Our president talks trash Every. Single. Damn. Day.
Never in my lifetime has a man so diminished the office of president in such a short time.
Give him a chance, my conservative friends cry.
How many chances does this man need to act like a decent and kind human being?
The Scriptures tell us that you will know a man’s heart by the words that come spewing forth from his mouth. By now you should figure out that my heart is troubled, deeply, deeply troubled.
You should also know that Trump is an evil-hearted man.
Sister Tater called me this morning via Facetime. “What are you doing?” she asked. Sister Tater is undergoing surgeries for breast cancer so I am loathe to tell her anything negative these days but this morning, after Trump went off on a foul tweet storm aimed at a woman journalist I couldn’t help myself.
“I’m sitting here pondering the civil war that is surely coming to this country and worrying about our grandchildren,” I replied.
Sister Tater looked at me askance. She didn’t know about the tweetstorm.
Or the new ad from the NRA. The one that basically incites gun-owners to shoot protesters or anyone who disagrees with Trump.
Rather than telling her about all that in detail, I told my sis about a barge I saw on the Columbia River yesterday. Barges on the river are not an unusual sighting around here. But there is construction underway at the bridge that connects Oregon to Washington, so the traffic was moving slower, allowing more time for me to study the barge headed upriver.
It was heaped full of scraps of what appeared to be metal. Shiny strips forming a mound that rose above the container’s ridges. Maybe it wasn’t steel. I couldn’t be sure given the distance between us. But if it was scraps of steel, I worried about what if it overturned. How many fish would it kill? What about the birds? What sort of ecological disaster would such a thing incur?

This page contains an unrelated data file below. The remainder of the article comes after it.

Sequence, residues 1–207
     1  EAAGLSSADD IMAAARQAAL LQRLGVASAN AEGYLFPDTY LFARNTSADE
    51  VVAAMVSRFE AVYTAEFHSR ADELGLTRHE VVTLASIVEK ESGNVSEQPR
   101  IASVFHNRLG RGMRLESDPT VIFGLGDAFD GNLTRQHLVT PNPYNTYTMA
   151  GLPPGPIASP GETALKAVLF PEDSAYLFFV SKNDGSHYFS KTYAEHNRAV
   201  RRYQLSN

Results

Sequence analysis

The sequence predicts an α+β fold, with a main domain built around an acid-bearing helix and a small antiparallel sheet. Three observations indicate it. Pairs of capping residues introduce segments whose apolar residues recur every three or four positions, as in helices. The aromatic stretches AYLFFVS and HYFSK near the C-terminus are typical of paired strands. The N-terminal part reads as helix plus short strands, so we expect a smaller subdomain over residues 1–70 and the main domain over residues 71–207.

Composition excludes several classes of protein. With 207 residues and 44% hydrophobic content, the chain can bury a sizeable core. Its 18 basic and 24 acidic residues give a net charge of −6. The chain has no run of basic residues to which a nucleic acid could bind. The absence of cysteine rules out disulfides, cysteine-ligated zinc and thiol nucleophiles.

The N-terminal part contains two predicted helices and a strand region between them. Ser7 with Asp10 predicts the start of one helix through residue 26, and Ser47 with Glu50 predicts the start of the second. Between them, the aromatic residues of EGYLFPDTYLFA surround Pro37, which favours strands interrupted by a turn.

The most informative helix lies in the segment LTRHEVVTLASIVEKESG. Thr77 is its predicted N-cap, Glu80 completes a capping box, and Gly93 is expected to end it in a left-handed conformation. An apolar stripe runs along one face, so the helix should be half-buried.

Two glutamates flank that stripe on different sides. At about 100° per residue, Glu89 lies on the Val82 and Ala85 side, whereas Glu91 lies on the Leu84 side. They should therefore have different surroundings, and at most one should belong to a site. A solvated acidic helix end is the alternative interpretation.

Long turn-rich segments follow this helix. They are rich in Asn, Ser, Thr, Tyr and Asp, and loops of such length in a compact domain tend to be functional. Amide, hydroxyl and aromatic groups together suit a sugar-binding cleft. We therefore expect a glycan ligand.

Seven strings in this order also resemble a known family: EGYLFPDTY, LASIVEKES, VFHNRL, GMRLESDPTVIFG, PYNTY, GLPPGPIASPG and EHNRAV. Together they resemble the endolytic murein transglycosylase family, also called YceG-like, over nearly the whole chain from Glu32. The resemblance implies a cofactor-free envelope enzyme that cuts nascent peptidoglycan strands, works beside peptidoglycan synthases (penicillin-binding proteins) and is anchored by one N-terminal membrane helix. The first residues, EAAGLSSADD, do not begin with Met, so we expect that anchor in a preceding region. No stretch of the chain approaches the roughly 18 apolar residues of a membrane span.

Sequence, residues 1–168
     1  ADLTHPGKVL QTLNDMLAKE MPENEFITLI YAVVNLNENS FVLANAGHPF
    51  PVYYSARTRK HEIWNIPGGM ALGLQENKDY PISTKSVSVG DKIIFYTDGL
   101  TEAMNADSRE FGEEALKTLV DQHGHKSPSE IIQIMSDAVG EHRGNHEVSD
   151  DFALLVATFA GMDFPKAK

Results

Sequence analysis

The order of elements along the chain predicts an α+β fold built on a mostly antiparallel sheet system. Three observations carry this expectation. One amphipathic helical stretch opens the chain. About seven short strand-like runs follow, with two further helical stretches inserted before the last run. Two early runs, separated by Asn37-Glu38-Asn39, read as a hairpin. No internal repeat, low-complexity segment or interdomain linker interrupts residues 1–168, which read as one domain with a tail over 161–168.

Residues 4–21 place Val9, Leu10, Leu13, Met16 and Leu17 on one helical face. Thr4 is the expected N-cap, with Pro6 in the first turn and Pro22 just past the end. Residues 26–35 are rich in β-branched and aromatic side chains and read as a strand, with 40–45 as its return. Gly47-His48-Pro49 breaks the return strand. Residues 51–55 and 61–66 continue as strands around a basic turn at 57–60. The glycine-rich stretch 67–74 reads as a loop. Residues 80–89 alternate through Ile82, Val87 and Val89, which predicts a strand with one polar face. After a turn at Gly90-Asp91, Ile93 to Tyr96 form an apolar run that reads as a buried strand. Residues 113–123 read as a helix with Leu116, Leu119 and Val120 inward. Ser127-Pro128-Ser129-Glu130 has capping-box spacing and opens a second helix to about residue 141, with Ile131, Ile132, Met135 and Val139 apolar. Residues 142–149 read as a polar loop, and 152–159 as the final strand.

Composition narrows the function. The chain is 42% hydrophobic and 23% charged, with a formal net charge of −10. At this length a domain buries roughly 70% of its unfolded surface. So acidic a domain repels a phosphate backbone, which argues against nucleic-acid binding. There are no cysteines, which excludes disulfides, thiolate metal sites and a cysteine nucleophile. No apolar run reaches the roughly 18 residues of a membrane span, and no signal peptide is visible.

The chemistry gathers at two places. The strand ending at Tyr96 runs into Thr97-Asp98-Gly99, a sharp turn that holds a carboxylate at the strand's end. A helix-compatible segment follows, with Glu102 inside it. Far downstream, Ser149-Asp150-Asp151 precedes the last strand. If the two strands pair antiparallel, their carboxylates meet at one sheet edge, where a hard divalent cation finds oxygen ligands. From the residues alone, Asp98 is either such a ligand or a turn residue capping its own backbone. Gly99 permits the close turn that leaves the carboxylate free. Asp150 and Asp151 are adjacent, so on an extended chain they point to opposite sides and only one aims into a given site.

Such is the mind of a writer. Always considering the obstacles and the possible solutions. Plot development, we call it.
The barge had to weigh several tons. And the current in the Columbia? Well, it’s infamous. Even on those smooth-as-glass days like yesterday, the river still is capable of knocking a person off their feet and swallowing them whole in a hot second. Kayaking against such a current will wear a person flat out.
You wouldn’t imagine that a little ole tugboat could push such a thing upriver. Yet it was. Seemingly effortlessly. The tug cut an unwavering path through that current, breezily pushing its heavy load. The tug was a whisper through the Gorge canyons.
Like the uttered prayers of the wholly devoted.
That’s what we need right now. The uttered prayers of the wholly devoted. We need to be as intentional as that tug about pushing all the junk upriver. Praying is the only thing that is going to enable us to fight the current of hate and vitriol and violence that is threatening to take this country under.
I don’t mean the pious prayers of the self-righteous.
I mean the desperate prayers of the wholly devoted.
It’s not enough to worry about Trump’s hate-filled tweets. Or the NRA’s despicable call to violence.
Prayer is the tugboat that will enable us to move against the current political crisis threatening our country, our way of life, our governing institutions.
Without the prayers of the wholly devoted, the threat to all of us increases daily, moment by moment.
Pray without ceasing for the task before us is great.
Answer me when I call to you, my righteous God. Give me relief from my distress; have mercy on me and hear my prayer. Ps. 4:1
Karen Spears Zacharias is author of CHRISTIAN BEND: A novel (Coming Sept. 2017 MUPress).